‘Saved my life:’ Electrician, graduate of Flagler jail program, now teaches inmates

S.M.A.R.T. program has 86% success rate, Flagler County sheriff says

FLAGLER COUNTY, Fla. – It’s been a year since the Flagler County Jail started a live-in addiction recovery pod inside the jail and the sheriff’s stats show the round-the-clock treatment program is resulting in far-reaching success.

Not only are a large majority of the graduates staying out of jail once they’re released, some former inmates are voluntarily coming back to teach.

Licensed electrician Adam Vatrano comes to the jail on Tuesdays, Thursdays and some Saturdays.

Vatrano and another instructor from Flagler Technical College are coaching inmates through their first year of electrician apprenticeship.

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Vatrano has had his electrician license for 22 years. Over the past 16 years, he’s been booked into the Flagler County Jail around a dozen times.

“I ended up here (at the jail) by a series of bad decisions,” Vatrano said. “Relapsing and not being able to stay sober. Not wanting to think I had a problem.”

Vatrano said he became addicted to pain medication after a motorcycle accident.

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What broke the addiction? S.M.A.R.T.

“Saved my life,” Vatrano said.

S.M.A.R.T. is now a year-old program at the Flagler County Jail where addicted inmates live together and recover together 24 hours a day for 12 weeks. It stands for Successful Mental Health Addiction Recovery Treatment.

Successful, so far, for Vatrano.

“I’m the first convicted felon hired by the school board in 100 years,” Vatrano claimed.

Flagler County Sheriff Rick Staly said one year in, stats show most inmates who make it through S.M.A.R.T. don’t come back.

“At the end of 2022 our success rate was 86% of the people who took our program,” Staly said.

And the stats are even better for those who learn a skill while in jail.

Vatrano was happy to share his skill when Jail Chief Daniel Engert asked graduating inmates if they knew of an electrician willing to return to teach.

“Not only does it make them more hirable and attractive to prospective employers, but it opens their eyes to a career path they may have never considered until they came to jail,” Engert said.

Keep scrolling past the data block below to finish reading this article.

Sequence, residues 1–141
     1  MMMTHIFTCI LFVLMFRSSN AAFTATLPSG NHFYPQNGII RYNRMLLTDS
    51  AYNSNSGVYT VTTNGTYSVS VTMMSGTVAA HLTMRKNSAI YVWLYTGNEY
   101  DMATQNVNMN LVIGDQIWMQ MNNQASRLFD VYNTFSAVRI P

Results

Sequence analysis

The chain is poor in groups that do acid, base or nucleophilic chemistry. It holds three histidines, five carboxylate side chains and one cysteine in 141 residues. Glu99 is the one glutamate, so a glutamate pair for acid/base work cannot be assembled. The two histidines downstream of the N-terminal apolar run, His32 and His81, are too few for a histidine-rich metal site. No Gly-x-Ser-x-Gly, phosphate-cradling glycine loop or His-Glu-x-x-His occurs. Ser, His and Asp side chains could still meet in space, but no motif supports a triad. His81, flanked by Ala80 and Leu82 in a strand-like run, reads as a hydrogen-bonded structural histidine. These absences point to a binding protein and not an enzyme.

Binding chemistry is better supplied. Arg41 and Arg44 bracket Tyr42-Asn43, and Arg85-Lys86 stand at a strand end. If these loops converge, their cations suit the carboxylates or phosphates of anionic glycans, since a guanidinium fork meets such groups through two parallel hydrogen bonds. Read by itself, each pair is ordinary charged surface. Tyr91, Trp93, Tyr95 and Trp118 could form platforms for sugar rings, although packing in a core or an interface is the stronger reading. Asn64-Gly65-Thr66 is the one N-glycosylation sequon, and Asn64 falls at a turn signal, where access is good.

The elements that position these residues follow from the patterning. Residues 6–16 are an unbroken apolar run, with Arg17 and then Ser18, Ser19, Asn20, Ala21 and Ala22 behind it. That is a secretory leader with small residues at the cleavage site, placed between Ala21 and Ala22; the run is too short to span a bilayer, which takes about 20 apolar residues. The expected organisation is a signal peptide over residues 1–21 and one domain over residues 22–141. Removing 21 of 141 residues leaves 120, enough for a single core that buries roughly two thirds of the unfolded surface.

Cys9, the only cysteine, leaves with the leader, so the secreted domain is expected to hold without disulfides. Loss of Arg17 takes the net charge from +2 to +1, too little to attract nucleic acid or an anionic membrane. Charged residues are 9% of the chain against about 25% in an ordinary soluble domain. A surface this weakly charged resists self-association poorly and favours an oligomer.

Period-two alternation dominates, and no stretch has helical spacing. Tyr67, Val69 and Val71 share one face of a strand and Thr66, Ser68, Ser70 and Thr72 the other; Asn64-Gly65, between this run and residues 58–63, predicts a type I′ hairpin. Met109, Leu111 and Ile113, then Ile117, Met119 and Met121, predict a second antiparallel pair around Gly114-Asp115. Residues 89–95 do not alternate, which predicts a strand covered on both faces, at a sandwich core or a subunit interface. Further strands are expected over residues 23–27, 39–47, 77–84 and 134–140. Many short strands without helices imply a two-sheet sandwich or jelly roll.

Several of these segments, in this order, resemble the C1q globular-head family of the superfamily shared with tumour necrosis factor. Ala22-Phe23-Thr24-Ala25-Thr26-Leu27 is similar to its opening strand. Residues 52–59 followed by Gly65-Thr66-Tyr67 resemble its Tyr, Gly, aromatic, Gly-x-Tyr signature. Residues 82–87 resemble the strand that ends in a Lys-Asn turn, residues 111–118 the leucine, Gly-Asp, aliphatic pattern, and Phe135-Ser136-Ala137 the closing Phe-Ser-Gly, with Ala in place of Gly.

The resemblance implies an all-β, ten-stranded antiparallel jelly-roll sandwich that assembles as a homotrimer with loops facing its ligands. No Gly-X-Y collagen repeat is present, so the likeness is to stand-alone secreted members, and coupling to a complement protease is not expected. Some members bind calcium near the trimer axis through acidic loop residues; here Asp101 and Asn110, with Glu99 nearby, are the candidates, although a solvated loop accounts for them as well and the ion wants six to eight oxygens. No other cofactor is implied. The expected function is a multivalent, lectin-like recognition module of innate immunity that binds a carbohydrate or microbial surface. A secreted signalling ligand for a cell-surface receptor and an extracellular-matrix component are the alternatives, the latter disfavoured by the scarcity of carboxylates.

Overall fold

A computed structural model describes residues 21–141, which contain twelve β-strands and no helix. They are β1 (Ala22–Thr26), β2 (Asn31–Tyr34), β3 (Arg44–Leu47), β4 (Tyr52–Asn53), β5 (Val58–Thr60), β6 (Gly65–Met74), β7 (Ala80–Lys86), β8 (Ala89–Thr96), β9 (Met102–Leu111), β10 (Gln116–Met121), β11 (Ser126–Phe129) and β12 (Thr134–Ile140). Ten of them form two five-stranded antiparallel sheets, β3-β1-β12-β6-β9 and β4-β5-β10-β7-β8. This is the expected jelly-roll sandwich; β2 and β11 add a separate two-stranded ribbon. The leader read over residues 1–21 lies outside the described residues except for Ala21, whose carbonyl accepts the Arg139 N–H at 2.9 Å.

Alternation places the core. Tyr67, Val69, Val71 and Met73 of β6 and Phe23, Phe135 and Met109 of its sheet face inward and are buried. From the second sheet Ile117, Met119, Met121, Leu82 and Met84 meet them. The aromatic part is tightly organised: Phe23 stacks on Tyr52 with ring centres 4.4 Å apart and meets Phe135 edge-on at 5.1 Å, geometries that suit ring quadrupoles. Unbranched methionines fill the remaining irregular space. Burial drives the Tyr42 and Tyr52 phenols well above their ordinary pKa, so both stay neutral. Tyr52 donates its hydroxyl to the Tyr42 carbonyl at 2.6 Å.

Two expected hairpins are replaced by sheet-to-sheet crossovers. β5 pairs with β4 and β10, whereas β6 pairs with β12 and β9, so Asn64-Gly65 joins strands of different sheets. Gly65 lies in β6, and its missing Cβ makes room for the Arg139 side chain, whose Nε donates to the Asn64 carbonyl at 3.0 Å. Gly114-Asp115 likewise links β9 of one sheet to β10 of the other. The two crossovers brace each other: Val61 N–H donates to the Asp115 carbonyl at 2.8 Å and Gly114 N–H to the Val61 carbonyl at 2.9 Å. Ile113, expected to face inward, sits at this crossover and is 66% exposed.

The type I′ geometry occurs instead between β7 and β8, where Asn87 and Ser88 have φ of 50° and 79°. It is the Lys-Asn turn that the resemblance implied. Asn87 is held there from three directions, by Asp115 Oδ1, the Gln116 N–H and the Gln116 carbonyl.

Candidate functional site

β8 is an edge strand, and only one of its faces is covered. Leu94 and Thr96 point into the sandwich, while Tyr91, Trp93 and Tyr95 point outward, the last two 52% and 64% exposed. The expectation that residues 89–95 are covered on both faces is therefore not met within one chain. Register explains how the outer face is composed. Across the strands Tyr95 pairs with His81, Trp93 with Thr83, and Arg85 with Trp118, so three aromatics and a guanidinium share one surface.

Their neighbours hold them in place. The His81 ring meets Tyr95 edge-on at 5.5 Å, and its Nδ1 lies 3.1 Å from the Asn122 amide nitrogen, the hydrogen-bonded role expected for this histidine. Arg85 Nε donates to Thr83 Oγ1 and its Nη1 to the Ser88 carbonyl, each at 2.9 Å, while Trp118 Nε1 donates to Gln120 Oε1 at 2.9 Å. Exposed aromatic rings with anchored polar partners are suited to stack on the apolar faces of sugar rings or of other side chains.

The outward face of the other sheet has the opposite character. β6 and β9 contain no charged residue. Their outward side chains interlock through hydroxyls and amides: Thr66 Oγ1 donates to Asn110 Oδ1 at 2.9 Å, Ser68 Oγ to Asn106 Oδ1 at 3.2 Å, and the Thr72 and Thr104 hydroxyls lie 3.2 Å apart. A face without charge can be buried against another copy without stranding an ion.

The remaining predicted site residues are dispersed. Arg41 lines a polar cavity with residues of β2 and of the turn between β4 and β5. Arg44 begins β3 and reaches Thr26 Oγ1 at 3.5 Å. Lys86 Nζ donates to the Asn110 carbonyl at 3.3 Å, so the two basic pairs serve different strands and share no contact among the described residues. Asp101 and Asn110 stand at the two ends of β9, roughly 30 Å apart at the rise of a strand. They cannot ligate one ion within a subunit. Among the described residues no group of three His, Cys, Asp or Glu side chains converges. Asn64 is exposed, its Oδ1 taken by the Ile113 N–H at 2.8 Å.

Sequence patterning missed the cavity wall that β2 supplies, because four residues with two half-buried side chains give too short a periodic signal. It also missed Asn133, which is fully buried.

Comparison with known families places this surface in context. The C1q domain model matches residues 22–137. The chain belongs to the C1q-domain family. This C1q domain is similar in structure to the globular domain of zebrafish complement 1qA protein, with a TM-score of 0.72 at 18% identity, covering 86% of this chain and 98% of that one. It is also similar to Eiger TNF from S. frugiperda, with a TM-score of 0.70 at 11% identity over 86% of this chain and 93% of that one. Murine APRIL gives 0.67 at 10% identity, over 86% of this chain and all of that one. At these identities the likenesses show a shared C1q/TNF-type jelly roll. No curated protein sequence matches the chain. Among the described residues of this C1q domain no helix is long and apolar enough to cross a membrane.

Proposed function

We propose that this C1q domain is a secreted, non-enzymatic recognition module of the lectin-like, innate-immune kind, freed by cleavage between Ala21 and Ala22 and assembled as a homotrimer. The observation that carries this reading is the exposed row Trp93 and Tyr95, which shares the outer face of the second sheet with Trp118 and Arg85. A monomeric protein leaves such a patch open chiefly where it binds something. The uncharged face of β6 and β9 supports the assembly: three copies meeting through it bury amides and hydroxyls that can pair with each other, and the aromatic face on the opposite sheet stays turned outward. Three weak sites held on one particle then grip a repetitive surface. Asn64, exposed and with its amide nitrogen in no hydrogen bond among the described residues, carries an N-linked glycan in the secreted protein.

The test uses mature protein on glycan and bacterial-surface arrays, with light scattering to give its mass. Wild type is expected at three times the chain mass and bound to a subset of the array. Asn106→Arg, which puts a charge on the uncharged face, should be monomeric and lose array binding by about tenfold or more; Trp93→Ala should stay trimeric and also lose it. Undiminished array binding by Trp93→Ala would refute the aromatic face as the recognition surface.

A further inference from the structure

To cram in six months’ worth of material, Vatrano and his FTC co-instructor teach inmates nine hours per week. Coursework is done inside the jail and hands-on training is done at FTC’s main campus in Palm Coast under supervision.

“With me coming back here [to jail] it shows the S.M.A.R.T. program works,” Vatrano said. “We’re having great results. We’re graduating. I’m out. Now when this next guy comes out I’m his safety net, I’m his network.”

When the inmates graduate and are released, they leave the jail with two things: an OSHA construction certificate and a valuable FL State Department of Education pre-Apprenticeship certificate through FTC.

To become an electrician, candidates need four years of apprenticeship and then go on to become journey workers.

Graduates from the jail’s electrician program will have an enormous leg up on anyone just starting out — they’ll have completed that first year of apprenticeship.

And Vatrano said his electrical contractor employer has agreed to hire graduates of the electrical program because Vatrano is teaching the course, guaranteeing employment — and success — for soon-to-be-released inmates.

The Flagler County Jail also teaches inmates how to cook and provides cooking certifications so they can work in restaurants as soon as they are released.

Several former inmates are also already working in a Flagler County restaurant.

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About the Author:

Erik von Ancken anchors and reports for WKMG-TV News 6 (CBS) in Orlando and is a two-time Emmy award-winning journalist in the prestigious and coveted "On-Camera Talent" categories for both anchoring and reporting. Erik joined the News 6 News Team in 2003 days after the tragic loss of space shuttle Columbia.